It is good to begin your run visualising the fall line (the path of least resistance down the mountain). Start off by making some medium turns at moderate speed. As you establish a rhythm, cast your focus on the fall line. Your goal is to complete each turn at a 90 degree angle to the fall line. this is harder than it looks. It often take form commitment to finish the turn than you may be used to. The good news is that the more effort you put in to complete the turn, the less effort is required to begin the next. This will help you with transition speed.
Get out there and practice your mogul skiing. If you really want to take your mogul skiing to the next level, why not join one of our ski courses in Whistler this season.
Lesson 3 – Line Choice When Skiing Moguls
Here is the latest video from Head Coach, Guy Hetherington, on How to Ski Moguls. Part 3 of the ALLTRACKS Mogul Series – Line Choice.
If you want to hone your mogul skiing through the most challenging of terrain, check out the video here – I hope it helps! As we’ve mentioned, successful mogul skiing is all about understanding the terrain and being able to plot your turns and movements before getting to them. This video will help you plan those turns and learn how to truly read the landscapes.
Guy Hetherington>> “Guy Hetherington back for ALLTRACKS Academy closing in on step 3 of our bump skiing series. Today, we’ll be looking at line choice. Let’s get straight into it.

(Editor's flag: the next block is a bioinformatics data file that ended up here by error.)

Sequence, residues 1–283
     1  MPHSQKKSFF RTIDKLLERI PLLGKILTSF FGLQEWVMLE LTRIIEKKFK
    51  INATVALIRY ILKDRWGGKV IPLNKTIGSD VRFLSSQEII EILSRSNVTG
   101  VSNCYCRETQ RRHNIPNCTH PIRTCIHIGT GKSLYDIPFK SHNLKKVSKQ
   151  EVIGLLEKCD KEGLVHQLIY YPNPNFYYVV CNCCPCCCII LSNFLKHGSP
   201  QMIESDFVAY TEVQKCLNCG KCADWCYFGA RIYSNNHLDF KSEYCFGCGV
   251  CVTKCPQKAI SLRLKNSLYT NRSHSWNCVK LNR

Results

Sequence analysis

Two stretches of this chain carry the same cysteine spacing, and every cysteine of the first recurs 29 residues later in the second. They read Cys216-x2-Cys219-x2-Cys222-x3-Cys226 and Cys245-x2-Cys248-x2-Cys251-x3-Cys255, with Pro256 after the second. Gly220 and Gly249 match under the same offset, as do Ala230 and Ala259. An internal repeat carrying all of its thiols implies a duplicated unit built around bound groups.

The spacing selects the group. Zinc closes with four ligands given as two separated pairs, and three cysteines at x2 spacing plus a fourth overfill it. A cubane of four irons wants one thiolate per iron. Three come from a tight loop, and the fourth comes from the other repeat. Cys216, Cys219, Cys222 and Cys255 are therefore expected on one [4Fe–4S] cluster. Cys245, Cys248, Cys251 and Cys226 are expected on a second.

Since we are now able to look for the correct place to finish our turns, the next step is figuring out how to get there. Even if our final destination is the same, our chosen may vary depending on our ability or desired outcome. Let’s take a look at a few different options on the same set of bumps.
Here we have a typical run of medium sized moguls with clearly visible landing points. When I look at their shape and size, three possible line options immediately come to mind.
Option 1 is the inside wall line. This line offers the best for gradual speed control as it allows the skier to slip down the side of each mogul, shedding speed along the way. I will often introduce this line to skiers int he early stages of learning. If you are new to bump skiing, this may be your best option.
Option 2 is the centre rut line. This is a common choice for advanced skiers as it offers the path of least resistance on any given run. Of course, with lower resistance comes higher speed so if you are comfortable with the inside wall line and searching for a little more speed, the chances are that you are ready for the rut line.
Option 3 is the outside bank line. The beauty of the bank line is that the wide approach angle allows for really soft landing. This will make a bump run appear smooth and graceful which is why, when given the option, it is always my line of choice.
Lets take a look at a comparison of each of these lines when skiing over the same bumps.
So there it is! Take some time to practice skiing some different lines through the moguls. Once you’ve mastered these three options, you’ll be skiing with much greater versatility and control.
This has been Guy Hetherington of ALLTRACKS Academy coming to you with more online ski training”